Turning to external growth, Alexandria's business model, a unique business model, has been simplified by strong external growth. We have, as you know, a strong, highly leased, development pipeline, driving that growth, and as set forth in the sub and in the press release, our CIP for the second half will deliver approximately 1 million square feet, which is today 90% leased, targeting NOI of somewhere between 51 million and 56 million and in 2017 and the early part of 2018, 2 million more square feet, approximately 74% pre-leased with NOI onboarding and at that point of about 130 million to 140 million. So a total of well north of 3 million square feet.

We had three successful deliveries in the second quarter and Dean will comment on that, New York, Illumina and Longwood, with very strong yields and we've hit a 7% yield on our New York developments, so great kudos to the New York team. Leasing has stayed strong and we did indicate new starts far Vertex in San Diego and a parking garage for Illumina. With respect to our major acquisition during the quarter and Tom will be around to answer questions here during Q&A, we did sign a purchase and sale agreement to acquire One Kendall Square and we believe that the location of that campus and the attributes of that campus present exactly what we would want when looking for external growth through acquisitions, which we typically don't make many of, seven buildings aggregating almost 645,000 square feet, 98.5% occupancy.

We think we can move those, the yield on this project to potentially the mid-sixes over the next couple of years. We think that allocating capital to the world's leading life science cluster sub market and Cambridge is a smart thing to do, and it gives us an excellent opportunity to expand our current campuses in close proximity at the MIT Technology Square and the Alexandria Center at Kendall Square. We think we can significantly increase NOI and cash flows. We think in place rents are substantially below market. More than 50% of the leases expire over the next three years and we've got a great opportunity to convert significant office space to lab space at significantly higher rents and we've got a great land parcel for development, about 172,000 square feet, which we will aggressively pursue and closing will be dependent upon loan assumption.

And I guess finally, before I turn it over to Dean here, when we look at key future projects, we’re currently evaluating for future development, the two projects in Cambridge, once we close on Tech Square -- I’m sorry, on One Kendall Square, the 172,000 square feet, we will aggressively move that forward and we’re looking carefully at the additional 100,000 square feet of development we have at Tech Square. We’re also looking carefully at Grand Avenue in South San Francisco and the Illumina campus. So these opportunities in each of these locations represent where we have in hand or very strong tenant demand.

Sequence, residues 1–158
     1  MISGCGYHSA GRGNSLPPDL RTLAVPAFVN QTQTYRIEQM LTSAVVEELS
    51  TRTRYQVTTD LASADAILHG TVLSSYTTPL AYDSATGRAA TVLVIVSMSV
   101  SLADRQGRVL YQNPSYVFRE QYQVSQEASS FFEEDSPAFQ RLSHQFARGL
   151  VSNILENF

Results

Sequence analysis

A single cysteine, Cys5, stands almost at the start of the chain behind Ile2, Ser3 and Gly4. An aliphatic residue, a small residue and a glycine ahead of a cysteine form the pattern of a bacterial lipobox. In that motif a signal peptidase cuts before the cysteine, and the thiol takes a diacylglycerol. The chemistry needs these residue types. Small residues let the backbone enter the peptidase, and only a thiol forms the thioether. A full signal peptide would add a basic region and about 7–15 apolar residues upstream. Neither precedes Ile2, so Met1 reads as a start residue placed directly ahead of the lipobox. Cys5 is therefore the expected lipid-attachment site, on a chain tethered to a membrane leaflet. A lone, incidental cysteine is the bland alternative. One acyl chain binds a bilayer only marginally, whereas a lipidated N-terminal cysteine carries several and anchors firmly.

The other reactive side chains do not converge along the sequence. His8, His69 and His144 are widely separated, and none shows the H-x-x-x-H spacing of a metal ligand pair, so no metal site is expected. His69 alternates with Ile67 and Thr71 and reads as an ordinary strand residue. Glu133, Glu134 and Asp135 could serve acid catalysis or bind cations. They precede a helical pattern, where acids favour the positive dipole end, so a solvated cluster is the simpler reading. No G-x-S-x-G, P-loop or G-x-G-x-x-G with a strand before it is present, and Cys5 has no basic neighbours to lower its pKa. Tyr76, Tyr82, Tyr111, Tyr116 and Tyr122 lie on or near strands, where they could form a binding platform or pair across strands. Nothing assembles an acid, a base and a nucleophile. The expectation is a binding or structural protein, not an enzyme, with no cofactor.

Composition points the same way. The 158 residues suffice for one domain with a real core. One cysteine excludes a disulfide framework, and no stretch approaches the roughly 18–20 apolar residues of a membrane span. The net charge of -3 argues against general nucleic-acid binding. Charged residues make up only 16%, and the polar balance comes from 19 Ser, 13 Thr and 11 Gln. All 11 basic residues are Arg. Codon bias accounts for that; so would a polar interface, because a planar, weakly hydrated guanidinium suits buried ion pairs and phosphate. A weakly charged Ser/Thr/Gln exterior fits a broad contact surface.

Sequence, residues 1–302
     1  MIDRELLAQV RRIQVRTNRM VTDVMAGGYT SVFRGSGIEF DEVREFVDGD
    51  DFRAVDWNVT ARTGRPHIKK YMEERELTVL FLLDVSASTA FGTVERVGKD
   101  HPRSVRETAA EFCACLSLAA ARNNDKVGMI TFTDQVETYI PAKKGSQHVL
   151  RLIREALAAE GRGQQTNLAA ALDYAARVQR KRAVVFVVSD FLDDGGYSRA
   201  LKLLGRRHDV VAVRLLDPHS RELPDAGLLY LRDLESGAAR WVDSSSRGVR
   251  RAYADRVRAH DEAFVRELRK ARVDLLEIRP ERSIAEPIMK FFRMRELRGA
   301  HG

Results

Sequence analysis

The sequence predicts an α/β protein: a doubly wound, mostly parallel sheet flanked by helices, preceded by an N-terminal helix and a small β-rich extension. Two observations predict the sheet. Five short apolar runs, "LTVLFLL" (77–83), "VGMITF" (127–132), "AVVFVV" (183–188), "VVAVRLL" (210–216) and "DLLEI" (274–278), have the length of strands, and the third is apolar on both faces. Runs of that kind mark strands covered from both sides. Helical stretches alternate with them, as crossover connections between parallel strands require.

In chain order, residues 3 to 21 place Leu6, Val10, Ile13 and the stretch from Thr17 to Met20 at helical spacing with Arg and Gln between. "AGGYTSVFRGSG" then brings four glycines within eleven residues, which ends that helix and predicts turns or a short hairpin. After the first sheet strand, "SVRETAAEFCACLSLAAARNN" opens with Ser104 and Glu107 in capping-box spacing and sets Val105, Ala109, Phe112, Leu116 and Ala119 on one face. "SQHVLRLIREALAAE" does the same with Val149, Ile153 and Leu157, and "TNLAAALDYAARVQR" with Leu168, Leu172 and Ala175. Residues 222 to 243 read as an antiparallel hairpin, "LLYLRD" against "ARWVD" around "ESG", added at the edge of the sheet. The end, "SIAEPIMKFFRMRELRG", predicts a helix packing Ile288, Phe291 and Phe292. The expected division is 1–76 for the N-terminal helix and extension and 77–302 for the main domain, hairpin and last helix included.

So without further delay, let me turn it over to Dean for more color on the quarter.

Dean Shigenaga

Thanks, Joel. Dean Shigenaga here. Good afternoon, everybody. As Joel mentioned, we're taking this call from New York today. Just want to cover three important topics, first, our consistent execution and delivery of very strong internal and external growth, second, the disciplined management of our balance sheet and then lastly, key highlights on our updated guidance for 2016, accelerated timing of improvement of leverage goals and closing remarks.

I just wanted to make a quick, but very important note, we wanted to take a moment to congratulate our entire team on their consecutive Gold NAREIT CARE award. We are very pleased to be recognized as the best in class REIT that delivers transparency, quality and efficient communications in reporting to the investment community.

Moving on to consistent execution and delivery, strong internal and external growth, our team continued to execute on our differentiated business strategy, focused on unique collaborative campuses and urban innovation cluster submarkets, limited to no supply of Class A space continues to drive rental rate growth on re-leasing the space and lease renewals, including significant benefit from early lease renewals. Solid leasing activity in the second quarter of 817,000 rentable square feet, rental rates were up 27.1% and 9.3% on a cash basis.

We delivered consistent and solid same property NOI growth for the second quarter, up 4.9% and 6.4% on a cash basis. One quick note on straight-line rent during the second quarter, we did receive a $9 million contractual cash payment that drove a significant reduction in straight line rent for the quarter. Looking forward into the third quarter, straight-line rent is expected to be consistent with prior quarters. Occupancy was solid at 97%.

Moving onto external growth, our team continued our disciplined allocation of capital, 96% of capital for 2016 is targeted for investment in to high-quality facilities and urban innovation clusters, including very robust in San Francisco, New York City, San Diego and Seattle. We completed and delivered earlier than expected. The third build-to-suit on campus in University Town Centre in San Diego for Illumina, a global leader in genomics, we also completed and placed in the service the remaining 63,000 rentable square feet, including about 34,000 square feet of vacancy at our second world-class center of innovation in New York City. The key takeaway from this project is that we exceeded our initial forecast cash yields by 40 basis points for a very strong final cash yield of 7%.